Cats are scaring away mice without having to even raise a paw. But there is one way to prevent the little critters from backing down in the face of danger. According to new research presented at this year’s Society for Experimental Biology meeting in Prague, if a baby mouse is exposed to the L-Felinine compound found in cat urine, they are less likely to run from cats when they’re older.
Dr. Vera Voznessenskaya of the A.N. Severtsov Institute of Ecology and Evolution in Moscow discovered that the same chemical that triggers an increase in stress hormones, and can cause pregnant mice to abort, is responsible for this odd mouse behavior.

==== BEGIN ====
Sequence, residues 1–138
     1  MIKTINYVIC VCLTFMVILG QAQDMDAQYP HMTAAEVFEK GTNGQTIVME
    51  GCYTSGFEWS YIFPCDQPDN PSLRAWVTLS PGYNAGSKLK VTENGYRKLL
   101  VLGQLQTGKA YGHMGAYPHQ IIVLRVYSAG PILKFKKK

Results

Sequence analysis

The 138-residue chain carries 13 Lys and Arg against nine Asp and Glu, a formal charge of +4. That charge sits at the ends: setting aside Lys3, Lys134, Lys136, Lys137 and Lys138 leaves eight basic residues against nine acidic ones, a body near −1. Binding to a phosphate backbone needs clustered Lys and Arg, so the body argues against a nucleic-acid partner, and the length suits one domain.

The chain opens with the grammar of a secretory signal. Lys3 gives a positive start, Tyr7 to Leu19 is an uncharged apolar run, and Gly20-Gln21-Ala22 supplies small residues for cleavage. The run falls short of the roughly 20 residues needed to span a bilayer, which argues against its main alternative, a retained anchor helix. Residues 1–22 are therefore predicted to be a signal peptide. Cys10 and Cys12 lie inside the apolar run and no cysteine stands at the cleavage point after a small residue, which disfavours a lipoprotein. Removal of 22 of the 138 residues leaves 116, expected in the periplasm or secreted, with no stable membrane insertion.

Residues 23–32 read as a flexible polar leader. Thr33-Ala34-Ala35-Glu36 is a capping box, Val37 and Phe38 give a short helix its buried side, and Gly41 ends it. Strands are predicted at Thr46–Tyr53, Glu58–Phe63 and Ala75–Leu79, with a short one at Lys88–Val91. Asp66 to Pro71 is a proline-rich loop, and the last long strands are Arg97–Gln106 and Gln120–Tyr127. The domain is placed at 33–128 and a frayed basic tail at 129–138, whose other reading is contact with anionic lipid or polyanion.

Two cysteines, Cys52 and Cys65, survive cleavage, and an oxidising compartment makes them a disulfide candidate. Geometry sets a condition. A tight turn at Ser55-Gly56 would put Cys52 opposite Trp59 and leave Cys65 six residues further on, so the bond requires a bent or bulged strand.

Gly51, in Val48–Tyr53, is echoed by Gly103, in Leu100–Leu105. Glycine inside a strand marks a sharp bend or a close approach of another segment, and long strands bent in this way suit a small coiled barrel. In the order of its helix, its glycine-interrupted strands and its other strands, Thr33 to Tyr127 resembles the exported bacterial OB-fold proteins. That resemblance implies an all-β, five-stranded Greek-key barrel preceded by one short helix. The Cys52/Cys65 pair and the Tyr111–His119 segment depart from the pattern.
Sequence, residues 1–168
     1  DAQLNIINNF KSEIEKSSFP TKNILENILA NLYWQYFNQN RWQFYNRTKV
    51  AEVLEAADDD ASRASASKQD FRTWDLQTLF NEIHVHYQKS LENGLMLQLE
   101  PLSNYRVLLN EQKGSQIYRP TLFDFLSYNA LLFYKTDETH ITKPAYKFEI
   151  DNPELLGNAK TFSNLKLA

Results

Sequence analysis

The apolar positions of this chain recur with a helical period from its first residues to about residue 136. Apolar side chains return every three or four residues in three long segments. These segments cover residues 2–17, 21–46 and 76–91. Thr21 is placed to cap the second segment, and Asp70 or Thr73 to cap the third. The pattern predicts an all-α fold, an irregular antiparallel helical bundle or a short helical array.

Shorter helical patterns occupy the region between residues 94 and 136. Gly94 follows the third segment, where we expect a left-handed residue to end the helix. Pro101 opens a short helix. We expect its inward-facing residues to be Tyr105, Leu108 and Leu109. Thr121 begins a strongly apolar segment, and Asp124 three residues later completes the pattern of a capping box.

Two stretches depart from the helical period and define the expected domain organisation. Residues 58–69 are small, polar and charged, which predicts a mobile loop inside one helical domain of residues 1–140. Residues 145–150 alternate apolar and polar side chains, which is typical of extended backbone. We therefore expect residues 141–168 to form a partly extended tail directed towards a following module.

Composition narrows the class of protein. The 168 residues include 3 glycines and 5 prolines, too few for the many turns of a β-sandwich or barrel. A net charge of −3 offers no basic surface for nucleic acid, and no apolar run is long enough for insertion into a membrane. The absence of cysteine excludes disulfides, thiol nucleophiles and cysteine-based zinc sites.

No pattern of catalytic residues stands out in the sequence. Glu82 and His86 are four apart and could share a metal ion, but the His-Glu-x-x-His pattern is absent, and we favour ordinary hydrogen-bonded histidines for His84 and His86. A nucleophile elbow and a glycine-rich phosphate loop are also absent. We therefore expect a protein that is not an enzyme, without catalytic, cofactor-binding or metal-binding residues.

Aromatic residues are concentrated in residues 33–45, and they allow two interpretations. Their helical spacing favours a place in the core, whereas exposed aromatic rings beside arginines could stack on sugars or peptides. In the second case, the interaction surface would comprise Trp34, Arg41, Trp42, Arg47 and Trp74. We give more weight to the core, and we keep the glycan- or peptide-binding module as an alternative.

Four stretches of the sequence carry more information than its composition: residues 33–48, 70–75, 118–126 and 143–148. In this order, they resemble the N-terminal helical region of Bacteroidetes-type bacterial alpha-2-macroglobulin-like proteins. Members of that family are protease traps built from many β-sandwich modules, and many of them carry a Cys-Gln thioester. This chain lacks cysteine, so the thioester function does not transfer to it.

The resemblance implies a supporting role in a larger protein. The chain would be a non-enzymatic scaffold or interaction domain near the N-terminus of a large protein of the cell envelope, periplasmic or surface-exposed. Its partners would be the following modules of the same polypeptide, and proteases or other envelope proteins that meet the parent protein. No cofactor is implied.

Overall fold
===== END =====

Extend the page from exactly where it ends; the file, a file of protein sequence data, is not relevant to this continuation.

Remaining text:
During their study, the team exposed mice to L-Felinine when they were babies, and then again when they were adults. Because the baby mice were being fed milk in the initial stage, “they experience positive reinforcement,” when they smell the scent again, Dr. Voznessenskaya stated in the press release.
While they don’t run from the scent, the mice's brains did produce the same stress hormones in response to the odor as the control group—they just didn't act on it.
Dr. Voznessenskaya thinks that the rodents’ ability to function around cats—in this case, house cats—ensures that they have easier access to food, as both animals rely on humans for nutrition. A mouse that can’t occupy the same space as a cat is left to its own devices to find sustenance, and may be less successful.
But just because the mouse has adapted doesn’t mean the cat has too. As fancy as today's gourmet cat foods are, few cats can pass up a good mouse for dinner.